Virginia McKenna, who co-founded the Born Free Foundation in England with her husband Bill Travers and son Will Travers (Born Free USA's chief executive officer), is featured in a three-part Q&A article on the Pet News and Views website.
LONDON – Britain and China have signed trade deals worth £2.6 billion and announced Beijing will loan a pair of giant pandas to Edinburgh Zoo for 10 years. The agreements were inked during talks in London between Chinese Vice Premier Li Keqiang and Deputy Prime Minister Nick Clegg.
My Dear Friends: Making Born Free with my late husband Bill, working with the Adamsons and learning so much about lions — and now working for wildlife around the world with Born Free USA and the Born Free Foundation, have been some of the greatest highlights of my life.
I cannot say how thrilled I am that “Elsa’s Legacy: The Born Free Story” was shown Sunday on PBS’ “Nature.” It is a story that simply has to be told and it sends a warning roar across the airwaves letting us know that we are perilously close to losing something that we, deep down, value so much — the world’s wild places and the wild creatures, such as lions, that still inhabit them.
Inside Thirteen recently had the opportunity to speak with veteran actress, author and wildlife activist Virginia McKenna. She is best known for her role as Joy Adamson in the 1966 film, "Born Free," for which she received a Golden Globe nomination. The film (based on the book by the same title) tells the story of George and Joy Adamson, who raised an orphaned lion cub, Elsa, to adulthood, and released her into the wilds of Kenya.
Fifty years ago, Joy Adamson wrote “Born Free.” The best-selling book, which recounts how she and her husband were surrogate parents to a lion cub in Africa, in 1966 was made into an award-winning film of the same name. This Sunday evening, PBS looks back at the book, the movie and how they changed the way people think about conservation and lions with “Elsa's Legacy: The Born Free Story.” It touches on the compassion-to-all-creatures philosophy that drives our mission here at Born Free USA. After watching the documentary, share your thoughts with us — in 150 words or fewer — about how the book or movie impacted the way you think about wild animals and you could win an autographed copy of Virginia McKenna’s autobiography “The Life in My Years.” (Please include your hometown in your e-mail.) We'll publish some of our favorite responses in this space.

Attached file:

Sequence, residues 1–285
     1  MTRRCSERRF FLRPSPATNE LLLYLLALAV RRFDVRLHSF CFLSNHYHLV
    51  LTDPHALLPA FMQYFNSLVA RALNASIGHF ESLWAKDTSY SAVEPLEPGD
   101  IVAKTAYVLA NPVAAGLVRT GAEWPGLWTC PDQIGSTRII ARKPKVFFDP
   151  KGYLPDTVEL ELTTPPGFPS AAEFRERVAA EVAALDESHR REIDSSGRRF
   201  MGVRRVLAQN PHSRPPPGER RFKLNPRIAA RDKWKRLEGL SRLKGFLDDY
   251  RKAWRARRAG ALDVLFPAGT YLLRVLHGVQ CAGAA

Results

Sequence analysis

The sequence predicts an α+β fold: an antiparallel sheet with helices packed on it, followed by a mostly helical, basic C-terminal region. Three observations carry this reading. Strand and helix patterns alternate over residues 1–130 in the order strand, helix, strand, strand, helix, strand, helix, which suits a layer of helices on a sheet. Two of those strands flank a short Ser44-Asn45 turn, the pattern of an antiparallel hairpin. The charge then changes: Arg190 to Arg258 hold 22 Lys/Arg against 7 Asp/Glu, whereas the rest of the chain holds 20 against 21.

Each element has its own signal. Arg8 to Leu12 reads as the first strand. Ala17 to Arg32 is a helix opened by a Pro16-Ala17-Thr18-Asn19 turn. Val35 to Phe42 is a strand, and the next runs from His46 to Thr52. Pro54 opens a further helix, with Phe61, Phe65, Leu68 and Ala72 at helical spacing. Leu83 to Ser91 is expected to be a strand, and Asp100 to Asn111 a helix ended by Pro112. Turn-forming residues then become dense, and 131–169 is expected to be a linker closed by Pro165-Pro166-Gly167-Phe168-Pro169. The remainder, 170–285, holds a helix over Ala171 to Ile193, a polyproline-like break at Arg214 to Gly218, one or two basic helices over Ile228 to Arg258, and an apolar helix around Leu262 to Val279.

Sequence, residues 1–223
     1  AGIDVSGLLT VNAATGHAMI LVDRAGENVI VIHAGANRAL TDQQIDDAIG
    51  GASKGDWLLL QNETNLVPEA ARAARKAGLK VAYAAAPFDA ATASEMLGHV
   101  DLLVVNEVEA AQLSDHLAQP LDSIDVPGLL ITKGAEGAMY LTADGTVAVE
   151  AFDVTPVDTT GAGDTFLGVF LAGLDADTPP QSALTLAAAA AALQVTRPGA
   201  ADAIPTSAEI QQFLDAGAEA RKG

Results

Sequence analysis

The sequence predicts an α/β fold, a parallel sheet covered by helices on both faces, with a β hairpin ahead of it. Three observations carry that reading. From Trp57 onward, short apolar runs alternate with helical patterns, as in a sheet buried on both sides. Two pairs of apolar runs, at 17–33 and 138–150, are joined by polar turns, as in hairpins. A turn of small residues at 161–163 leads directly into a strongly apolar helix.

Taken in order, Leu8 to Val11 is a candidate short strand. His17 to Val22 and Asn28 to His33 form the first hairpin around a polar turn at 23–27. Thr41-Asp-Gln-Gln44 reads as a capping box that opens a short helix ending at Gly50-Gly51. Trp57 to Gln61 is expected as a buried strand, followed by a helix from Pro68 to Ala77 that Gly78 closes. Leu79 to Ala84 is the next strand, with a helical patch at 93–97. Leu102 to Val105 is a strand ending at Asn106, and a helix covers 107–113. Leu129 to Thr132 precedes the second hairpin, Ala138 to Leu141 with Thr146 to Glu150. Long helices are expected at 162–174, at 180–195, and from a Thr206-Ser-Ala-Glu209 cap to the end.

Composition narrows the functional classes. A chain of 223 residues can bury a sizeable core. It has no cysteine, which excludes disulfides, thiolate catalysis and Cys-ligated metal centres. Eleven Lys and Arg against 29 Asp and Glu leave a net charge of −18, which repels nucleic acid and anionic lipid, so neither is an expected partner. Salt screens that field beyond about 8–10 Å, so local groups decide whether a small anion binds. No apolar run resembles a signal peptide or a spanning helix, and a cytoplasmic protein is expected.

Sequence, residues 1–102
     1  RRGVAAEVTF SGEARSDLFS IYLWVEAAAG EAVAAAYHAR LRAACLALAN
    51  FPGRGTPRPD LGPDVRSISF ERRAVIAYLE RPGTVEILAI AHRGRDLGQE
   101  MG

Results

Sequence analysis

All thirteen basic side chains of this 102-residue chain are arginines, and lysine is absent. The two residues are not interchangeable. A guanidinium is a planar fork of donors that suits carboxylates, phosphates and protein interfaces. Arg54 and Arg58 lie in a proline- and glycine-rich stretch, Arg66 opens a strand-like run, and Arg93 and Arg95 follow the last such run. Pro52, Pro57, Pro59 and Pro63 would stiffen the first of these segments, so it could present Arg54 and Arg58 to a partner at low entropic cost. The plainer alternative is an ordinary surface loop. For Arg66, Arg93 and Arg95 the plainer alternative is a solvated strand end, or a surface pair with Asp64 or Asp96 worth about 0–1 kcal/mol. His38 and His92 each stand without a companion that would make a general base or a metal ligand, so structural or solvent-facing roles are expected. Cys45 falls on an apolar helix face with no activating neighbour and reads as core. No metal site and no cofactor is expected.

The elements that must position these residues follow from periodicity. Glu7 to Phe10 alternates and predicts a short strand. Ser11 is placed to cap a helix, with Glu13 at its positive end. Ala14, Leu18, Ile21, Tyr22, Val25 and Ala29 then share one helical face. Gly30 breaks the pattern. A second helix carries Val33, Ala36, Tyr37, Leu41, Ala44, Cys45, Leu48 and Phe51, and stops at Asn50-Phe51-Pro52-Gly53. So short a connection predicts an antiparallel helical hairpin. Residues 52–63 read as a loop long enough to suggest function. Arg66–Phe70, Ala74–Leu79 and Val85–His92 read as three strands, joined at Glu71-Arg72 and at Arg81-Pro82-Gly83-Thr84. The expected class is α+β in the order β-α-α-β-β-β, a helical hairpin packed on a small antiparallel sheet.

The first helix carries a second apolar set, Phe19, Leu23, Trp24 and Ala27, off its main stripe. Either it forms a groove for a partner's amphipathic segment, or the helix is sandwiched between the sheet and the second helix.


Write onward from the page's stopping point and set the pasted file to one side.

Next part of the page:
Podcaster Charlie Moores assembles a panel of experts to talk about National Bird Day. Joining Moores are Denise Kelly of the Avian Welfare Coalition; Marc Johnson of Rhode Island-based Foster Parrots and the conservationist behind the innovative eco-tourism initiative "Project Guyana"; David Morimoto, head of the Biology Department at Massachusetts’ Lesley University; and Michael Schindlinger, professor of biology at Lesley.
It's been 50 years since Joy and George Adamson adopted a lion cub in Kenya. Her name was Elsa and she became the major character in the book "Born Free" by Joy Adamson.
For those too young to remember the story, PBS is offering a documentary on "Nature" on Jan. 9.
You have compassion. You acted. You gave. You and Born Free USA made life better for thousands of animals worldwide in 2010, and we’re not about to stop now. As you gear up for another year of helping animals — to give monkeys, elephants, bears, dolphins, coyotes, parrots, rhinoceroses, tigers, frogs and all other creatures the respect, protection and freedom they need to thrive — take a few minutes to read about our accomplishments in 2010. Our chief executive officer, Will Travers, will even tell you about them. Let’s build on those victories, and for the animals’ sake turn 2010 into 20!! !